Nova Scotia

N.S. covers cost of tick-bite assessments at pharmacies

The hundreds of Nova Scotians bitten by ticks every year can now drop into a pharmacy for free help preventing Lyme disease.

Province announced Friday it will cover cost of assessment

An adult blacklegged tick.
Anyone bitten by a tick can now get a free assessment in Nova Scotia from a local pharmacist. (Bertrand Guay/AFP/Getty Images)

The hundreds of Nova Scotians bitten by ticks every year can now drop into a pharmacy for free help preventing Lyme disease.

The province's Health Department announced Friday that the government will cover the cost of a pharmacist assessment for tick bites, which would determine whether a preventive antibiotic is needed.

Until now, anyone who had a tick bite had to go to a physician or nurse practitioner to get an assessment covered by the province.

Diane Harpell, chair of the Pharmacy Association of Nova Scotia, said she knows first-hand how important this type of prevention can be.

Diane Harpell says the Pharmacy Association of Nova Scotia would support providing the high-dose vaccine to all seniors. (PANS)

In the Dartmouth neighborhood where Harpell owns a pharmacy, she said she is aware of three children who live with Lyme disease. She said access to an assessment at a pharmacy might have made a difference in their cases.

"The convenience of being able to go to a pharmacy, and knowing that you've got options in many neighbourhoods ... and have it funded is huge," Harpell said Friday.

"I would have liked to see these children have that option and have it paid for months ago."

Harpell said the fee, now covered by the province, is $20 per assessment.

The assessment includes whether the tick bite was from a blacklegged tick, whether it was removed in the previous 72 hours and whether it was attached for at least 36 hours.

If the treatment — a single dose of doxycycline — is prescribed, the patient would still have to pay for the medication out of pocket or through health coverage.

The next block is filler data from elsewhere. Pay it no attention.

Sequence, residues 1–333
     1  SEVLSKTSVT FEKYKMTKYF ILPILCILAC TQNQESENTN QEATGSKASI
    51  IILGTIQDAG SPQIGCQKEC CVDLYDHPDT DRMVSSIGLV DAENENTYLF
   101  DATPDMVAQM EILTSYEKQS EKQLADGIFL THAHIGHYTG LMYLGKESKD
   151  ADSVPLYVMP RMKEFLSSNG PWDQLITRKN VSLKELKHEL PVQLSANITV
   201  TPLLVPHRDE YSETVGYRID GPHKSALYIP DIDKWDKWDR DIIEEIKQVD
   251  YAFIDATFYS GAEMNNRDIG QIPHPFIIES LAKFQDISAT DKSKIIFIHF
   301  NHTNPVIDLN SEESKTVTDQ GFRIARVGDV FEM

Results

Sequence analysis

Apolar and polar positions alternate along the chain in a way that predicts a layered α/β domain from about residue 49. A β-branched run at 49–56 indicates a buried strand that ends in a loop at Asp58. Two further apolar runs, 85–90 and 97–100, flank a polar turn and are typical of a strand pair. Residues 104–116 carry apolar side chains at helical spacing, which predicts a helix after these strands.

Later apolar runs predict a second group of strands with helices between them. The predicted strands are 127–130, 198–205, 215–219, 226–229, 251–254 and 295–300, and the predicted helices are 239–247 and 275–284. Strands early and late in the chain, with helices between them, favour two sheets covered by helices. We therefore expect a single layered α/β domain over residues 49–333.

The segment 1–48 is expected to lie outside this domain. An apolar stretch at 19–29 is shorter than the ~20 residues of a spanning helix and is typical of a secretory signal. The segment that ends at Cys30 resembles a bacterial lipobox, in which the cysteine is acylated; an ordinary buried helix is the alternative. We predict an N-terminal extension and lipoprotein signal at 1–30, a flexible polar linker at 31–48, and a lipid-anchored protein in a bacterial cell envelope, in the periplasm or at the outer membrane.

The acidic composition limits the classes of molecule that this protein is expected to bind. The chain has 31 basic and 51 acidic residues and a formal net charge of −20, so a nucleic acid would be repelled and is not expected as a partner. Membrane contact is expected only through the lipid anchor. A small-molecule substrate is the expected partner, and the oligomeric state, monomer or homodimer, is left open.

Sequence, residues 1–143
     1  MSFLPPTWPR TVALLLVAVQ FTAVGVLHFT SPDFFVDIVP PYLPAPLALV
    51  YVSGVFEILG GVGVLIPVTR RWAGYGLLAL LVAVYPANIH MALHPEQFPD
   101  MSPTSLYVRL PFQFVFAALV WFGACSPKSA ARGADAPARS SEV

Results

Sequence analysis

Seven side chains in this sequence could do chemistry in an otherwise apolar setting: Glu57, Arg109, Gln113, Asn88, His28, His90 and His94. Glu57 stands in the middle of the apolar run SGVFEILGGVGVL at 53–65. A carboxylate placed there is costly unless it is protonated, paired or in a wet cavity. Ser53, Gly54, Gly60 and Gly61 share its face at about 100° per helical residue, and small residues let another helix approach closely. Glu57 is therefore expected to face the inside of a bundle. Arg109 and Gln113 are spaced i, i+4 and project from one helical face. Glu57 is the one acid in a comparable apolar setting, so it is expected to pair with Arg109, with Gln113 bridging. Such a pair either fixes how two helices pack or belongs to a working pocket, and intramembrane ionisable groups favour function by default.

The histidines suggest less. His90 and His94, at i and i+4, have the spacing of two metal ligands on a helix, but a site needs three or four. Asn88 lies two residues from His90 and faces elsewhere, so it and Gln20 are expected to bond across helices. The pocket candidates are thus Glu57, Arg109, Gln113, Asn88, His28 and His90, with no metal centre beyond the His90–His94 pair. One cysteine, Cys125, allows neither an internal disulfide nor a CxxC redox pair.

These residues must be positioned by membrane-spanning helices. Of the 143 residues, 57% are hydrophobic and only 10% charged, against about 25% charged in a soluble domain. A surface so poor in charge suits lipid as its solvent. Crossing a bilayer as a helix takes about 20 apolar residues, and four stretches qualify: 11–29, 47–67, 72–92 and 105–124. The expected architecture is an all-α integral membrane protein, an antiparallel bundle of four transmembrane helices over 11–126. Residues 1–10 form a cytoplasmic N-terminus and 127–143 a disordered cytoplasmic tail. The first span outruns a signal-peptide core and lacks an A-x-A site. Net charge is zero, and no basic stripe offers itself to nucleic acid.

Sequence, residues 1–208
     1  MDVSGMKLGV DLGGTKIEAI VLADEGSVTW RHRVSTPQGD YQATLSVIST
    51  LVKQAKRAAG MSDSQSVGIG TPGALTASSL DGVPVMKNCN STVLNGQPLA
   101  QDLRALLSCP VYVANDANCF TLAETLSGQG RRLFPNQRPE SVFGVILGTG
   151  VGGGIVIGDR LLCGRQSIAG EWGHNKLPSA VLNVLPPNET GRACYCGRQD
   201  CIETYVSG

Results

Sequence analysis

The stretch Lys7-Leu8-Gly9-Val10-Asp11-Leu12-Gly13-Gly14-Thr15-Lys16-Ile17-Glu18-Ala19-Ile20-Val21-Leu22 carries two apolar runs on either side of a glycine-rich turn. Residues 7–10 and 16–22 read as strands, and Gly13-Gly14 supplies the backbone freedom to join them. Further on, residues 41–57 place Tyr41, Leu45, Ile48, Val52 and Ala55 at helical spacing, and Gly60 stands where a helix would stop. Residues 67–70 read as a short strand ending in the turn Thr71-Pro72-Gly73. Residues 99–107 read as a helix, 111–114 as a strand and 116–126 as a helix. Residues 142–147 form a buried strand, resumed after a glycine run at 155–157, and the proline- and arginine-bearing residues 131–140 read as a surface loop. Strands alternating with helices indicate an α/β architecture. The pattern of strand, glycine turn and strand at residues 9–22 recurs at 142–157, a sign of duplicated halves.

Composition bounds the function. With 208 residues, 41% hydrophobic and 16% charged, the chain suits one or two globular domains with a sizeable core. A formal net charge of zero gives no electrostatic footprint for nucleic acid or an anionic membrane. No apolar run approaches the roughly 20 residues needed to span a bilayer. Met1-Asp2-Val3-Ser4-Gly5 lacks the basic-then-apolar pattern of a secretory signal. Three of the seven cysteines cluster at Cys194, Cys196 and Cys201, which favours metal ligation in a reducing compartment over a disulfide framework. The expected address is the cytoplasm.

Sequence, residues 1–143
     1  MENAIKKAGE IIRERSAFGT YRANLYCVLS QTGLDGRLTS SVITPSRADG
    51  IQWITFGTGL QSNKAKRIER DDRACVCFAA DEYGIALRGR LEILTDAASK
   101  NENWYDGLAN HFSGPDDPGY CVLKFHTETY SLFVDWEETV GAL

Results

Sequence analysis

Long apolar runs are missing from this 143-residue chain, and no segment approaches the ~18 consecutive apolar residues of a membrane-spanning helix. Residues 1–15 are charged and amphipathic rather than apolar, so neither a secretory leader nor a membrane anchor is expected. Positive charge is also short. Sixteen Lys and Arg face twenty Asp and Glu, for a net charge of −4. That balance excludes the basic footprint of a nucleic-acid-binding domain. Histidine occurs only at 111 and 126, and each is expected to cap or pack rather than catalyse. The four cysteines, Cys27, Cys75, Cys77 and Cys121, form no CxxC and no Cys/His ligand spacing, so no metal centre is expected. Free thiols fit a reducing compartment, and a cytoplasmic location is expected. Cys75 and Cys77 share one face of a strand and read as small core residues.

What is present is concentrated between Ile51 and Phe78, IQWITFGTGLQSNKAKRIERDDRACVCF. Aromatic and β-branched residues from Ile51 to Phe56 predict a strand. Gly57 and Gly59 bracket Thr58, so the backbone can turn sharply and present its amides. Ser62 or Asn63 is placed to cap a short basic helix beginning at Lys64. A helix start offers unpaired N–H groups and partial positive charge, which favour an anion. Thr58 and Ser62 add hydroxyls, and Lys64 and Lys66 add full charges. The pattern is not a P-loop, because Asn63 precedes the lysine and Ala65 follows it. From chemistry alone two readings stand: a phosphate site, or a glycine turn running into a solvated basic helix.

Pharmacists in the province got the authority to assess and preventatively treat tick bites this summer, on Aug. 1.

But Harpell noted that pharmacists don't have the authority to diagnose or treat Lyme disease. Anyone with symptoms like a rash at the bite site should see a doctor or nurse practitioner for treatment options, she said.

Health and Wellness Minister Michelle Thompson said she represents a rural area where ticks are a "frequent reality.

More than 800 cases of Lyme in 2019

"We want to give Nova Scotians increased access to care when and where it makes sense," Thompson said in the release.

"Pharmacists are a big part of that and funding assessments at local pharmacies often makes it easier and more convenient for people, whether rural or urban residents, to prevent this potentially serious disease."

At Province House Friday, Thompson said the treatment is "very affordable" and effective.

The treatment is only recommended if it can be administered within a 72-hour window after the tick is removed, according to the province. 

Thompson said having pharmacists provide the service directs people away from overburdened clinics and emergency rooms and allows them to get help sooner.

In 2019, there were 830 confirmed and probable cases of Lyme disease reported in Nova Scotia, the province said.

With files from Jean Laroche and Michael Gorman